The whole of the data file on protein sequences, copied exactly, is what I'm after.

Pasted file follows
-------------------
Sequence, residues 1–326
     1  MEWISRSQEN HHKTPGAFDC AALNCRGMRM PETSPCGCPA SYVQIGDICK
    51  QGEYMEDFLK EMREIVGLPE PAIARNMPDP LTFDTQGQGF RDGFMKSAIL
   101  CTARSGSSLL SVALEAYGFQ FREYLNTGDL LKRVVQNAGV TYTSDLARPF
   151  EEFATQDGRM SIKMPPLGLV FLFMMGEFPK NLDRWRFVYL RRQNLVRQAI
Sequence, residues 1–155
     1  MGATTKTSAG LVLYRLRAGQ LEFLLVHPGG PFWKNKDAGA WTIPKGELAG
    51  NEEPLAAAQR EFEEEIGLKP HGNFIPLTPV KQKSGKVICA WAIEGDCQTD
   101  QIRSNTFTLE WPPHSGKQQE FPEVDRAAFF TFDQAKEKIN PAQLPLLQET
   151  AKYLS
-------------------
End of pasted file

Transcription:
Sequence, residues 1–326
     1  MEWISRSQEN HHKTPGAFDC AALNCRGMRM PETSPCGCPA SYVQIGDICK
    51  QGEYMEDFLK EMREIVGLPE PAIARNMPDP LTFDTQGQGF RDGFMKSAIL
   101  CTARSGSSLL SVALEAYGFQ FREYLNTGDL LKRVVQNAGV TYTSDLARPF
   151  EEFATQDGRM SIKMPPLGLV FLFMMGEFPK NLDRWRFVYL RRQNLVRQAI
Sequence, residues 1–155
     1  MGATTKTSAG LVLYRLRAGQ LEFLLVHPGG PFWKNKDAGA WTIPKGELAG
    51  NEEPLAAAQR EFEEEIGLKP HGNFIPLTPV KQKSGKVICA WAIEGDCQTD
   101  QIRSNTFTLE WPPHSGKQQE FPEVDRAAFF TFDQAKEKIN PAQLPLLQET
   151  AKYLS